You are sixteen. You are sixteen beneath those strobe lights and you know the only reason you are there is because Bev offered the bouncer a flirtatious smile and he took it like currency. It is not the fake ID burning a hole in your pocket; too sloppily put together by Richie or the fact that you all still carry the residue of childhood's grabby hands clutching at you.
You approach the bartender; a man in his late 40s who looks like your father and he gives you drinks without checking your ID. He calls you sweetheart and even gives you a free drink you did not ask for, tells you when he gets off for a break and you pretend to not know what he means. He persists, forces his way into your childhood and you play at being interested. Playing pretend is all you have left from your childhood.
You dance. You dance even though none of the others are - even though only Bev has dragged Ben away to dance so the other four's eyes flicker between the two locations. You end up trapped between two men, both whos faces seem hazy by the end of the night and you dance. You dance against them even when the taller of the two slides his hand inside your shirt and calls you a whore for dancing with anyone.
You don't care.
You dance until your feet scream at you, until the lights no longer spill yellows that remind you of Georgie's slicker - his death outfit, on the dancefloor and until the bartender shows more concern than your father ever has when he cuts you off from drinking.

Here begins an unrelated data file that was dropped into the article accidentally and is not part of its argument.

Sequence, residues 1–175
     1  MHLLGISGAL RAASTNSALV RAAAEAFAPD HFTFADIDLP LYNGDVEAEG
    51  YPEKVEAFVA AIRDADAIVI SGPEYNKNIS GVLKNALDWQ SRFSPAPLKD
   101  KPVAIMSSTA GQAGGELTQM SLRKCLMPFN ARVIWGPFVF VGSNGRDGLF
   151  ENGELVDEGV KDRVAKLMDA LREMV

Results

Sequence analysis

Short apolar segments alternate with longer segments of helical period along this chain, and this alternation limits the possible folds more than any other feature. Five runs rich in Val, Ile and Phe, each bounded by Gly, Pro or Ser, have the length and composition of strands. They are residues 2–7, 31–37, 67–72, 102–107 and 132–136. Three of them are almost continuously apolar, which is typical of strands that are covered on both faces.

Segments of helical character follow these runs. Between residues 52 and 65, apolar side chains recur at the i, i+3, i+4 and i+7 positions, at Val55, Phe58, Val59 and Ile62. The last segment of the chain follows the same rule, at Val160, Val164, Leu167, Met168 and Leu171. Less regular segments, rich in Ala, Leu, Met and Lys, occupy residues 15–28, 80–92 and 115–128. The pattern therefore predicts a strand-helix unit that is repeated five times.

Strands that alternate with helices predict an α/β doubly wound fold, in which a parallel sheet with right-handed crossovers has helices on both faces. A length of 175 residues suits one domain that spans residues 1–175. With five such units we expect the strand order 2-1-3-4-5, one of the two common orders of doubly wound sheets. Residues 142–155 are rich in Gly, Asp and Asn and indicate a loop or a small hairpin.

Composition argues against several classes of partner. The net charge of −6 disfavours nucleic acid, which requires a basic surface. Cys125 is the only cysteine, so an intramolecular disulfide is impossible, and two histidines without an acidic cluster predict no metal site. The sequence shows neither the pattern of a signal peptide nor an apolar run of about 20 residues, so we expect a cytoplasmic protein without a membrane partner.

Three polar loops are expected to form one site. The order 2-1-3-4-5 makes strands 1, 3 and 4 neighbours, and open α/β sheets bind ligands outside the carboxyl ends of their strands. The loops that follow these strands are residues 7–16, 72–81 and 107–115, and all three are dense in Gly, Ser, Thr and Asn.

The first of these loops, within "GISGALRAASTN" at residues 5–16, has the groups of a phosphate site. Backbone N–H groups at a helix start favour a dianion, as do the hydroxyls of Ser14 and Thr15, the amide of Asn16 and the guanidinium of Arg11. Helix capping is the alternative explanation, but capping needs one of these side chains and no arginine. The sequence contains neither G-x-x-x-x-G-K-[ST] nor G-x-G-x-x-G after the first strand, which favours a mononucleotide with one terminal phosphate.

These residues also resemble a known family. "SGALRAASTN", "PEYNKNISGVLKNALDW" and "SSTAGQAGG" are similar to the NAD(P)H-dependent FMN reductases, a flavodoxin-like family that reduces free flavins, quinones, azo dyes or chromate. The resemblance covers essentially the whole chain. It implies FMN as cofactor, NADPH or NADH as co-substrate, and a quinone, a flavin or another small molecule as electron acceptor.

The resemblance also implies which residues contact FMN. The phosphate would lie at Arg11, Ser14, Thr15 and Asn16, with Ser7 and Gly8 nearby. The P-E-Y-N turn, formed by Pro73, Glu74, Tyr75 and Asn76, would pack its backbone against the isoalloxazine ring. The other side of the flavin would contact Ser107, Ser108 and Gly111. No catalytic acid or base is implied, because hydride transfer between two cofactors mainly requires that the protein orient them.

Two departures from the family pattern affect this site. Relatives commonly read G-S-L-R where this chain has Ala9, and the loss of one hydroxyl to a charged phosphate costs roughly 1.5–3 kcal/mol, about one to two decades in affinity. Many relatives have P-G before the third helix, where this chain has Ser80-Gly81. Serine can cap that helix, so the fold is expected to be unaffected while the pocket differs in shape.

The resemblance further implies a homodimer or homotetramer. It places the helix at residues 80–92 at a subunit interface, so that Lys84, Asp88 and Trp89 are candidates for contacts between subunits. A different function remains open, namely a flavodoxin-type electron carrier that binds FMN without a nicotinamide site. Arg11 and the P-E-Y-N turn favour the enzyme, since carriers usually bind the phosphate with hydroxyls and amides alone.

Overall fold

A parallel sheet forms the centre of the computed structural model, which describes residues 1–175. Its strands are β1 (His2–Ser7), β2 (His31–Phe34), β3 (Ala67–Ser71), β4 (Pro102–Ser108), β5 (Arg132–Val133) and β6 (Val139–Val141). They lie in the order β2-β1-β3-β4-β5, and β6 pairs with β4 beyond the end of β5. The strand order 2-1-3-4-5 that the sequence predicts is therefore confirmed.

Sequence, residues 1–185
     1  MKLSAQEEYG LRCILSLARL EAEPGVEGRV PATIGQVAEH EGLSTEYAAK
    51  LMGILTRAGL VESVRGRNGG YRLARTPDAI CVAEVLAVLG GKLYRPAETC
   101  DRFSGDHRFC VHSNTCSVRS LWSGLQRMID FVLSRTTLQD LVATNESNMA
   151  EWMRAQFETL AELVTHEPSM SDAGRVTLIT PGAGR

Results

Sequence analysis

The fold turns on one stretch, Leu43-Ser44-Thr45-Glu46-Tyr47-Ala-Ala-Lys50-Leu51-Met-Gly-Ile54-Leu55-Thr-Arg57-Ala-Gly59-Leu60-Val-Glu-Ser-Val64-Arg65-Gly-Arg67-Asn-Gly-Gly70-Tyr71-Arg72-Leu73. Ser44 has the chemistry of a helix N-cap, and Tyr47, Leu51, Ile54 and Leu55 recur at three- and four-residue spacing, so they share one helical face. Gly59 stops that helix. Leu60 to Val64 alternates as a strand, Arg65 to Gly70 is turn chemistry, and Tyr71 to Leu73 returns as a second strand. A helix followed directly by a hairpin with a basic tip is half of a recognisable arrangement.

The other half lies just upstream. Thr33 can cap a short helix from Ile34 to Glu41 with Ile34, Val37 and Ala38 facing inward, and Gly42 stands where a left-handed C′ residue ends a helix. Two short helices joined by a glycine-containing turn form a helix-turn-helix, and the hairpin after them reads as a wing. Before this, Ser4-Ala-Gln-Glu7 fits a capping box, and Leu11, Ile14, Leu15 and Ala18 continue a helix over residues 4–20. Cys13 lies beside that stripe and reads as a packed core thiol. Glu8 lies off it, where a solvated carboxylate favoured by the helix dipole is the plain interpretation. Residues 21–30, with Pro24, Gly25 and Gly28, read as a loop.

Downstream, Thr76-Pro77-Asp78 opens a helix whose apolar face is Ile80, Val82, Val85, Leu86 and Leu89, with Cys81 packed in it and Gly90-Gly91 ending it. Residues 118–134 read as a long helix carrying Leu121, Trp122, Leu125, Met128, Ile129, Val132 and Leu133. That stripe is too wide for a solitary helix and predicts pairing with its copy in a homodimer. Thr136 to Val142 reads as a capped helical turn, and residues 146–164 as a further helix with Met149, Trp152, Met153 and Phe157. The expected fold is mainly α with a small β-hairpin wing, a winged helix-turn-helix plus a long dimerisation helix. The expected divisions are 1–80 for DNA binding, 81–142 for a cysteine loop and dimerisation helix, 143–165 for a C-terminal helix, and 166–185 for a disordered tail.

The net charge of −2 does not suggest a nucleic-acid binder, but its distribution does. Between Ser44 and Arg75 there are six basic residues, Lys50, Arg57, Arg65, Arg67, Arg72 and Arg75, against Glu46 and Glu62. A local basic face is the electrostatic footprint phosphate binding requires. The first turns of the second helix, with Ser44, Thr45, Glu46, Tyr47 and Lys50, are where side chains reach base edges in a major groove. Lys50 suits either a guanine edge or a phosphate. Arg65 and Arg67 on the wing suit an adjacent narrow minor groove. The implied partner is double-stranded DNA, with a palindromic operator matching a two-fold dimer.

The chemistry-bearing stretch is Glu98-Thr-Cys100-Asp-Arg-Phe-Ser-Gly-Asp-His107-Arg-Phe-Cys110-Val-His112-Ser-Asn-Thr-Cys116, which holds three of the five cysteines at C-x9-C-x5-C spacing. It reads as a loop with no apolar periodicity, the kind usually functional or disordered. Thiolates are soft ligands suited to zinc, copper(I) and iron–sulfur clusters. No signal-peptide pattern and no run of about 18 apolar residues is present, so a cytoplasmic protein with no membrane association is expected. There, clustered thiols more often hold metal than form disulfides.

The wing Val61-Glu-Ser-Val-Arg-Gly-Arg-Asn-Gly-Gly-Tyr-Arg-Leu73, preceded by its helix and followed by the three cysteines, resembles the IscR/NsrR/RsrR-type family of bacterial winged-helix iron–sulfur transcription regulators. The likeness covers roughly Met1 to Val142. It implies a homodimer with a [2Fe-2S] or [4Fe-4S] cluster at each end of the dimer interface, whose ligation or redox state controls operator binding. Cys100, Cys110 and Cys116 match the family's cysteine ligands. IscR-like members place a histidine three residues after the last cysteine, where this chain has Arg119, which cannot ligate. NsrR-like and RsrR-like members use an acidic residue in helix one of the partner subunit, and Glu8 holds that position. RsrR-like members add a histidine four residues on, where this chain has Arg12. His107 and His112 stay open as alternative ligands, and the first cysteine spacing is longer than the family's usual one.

[ he propositions you to meet him in the alley, though, so you suppose it may not be a concern. ]
You bring someone home - a man, a woman, it stops mattering, you bring home someone who can resurrect the dead boy you've become - and you say goodbye to your friends. Ben and Bev's happy and flushed faces make you irrationally angry - don't they remember what we went through? How can they be so happy?. You pretend not to notice the plain want in Richie's eyes on Eddie's back as you say goodbye, pretend not to want to crawl into Mike's or Stan's or both's laps when you see their hands intertwined under the table and beg them to love you.
You don't. You go home with the person who does not love you in the slightest and you beg them for more, harderfaster meaner. You beg them to derive pleasure from a body that has long since stopped allowing you to do the same.
You beg them to tear the pieces of you that make them feel something out of your body.
You beg them to tear you apart and leave you cracked, broken and bleeding in a ditch somewhere.
Just like Georgie.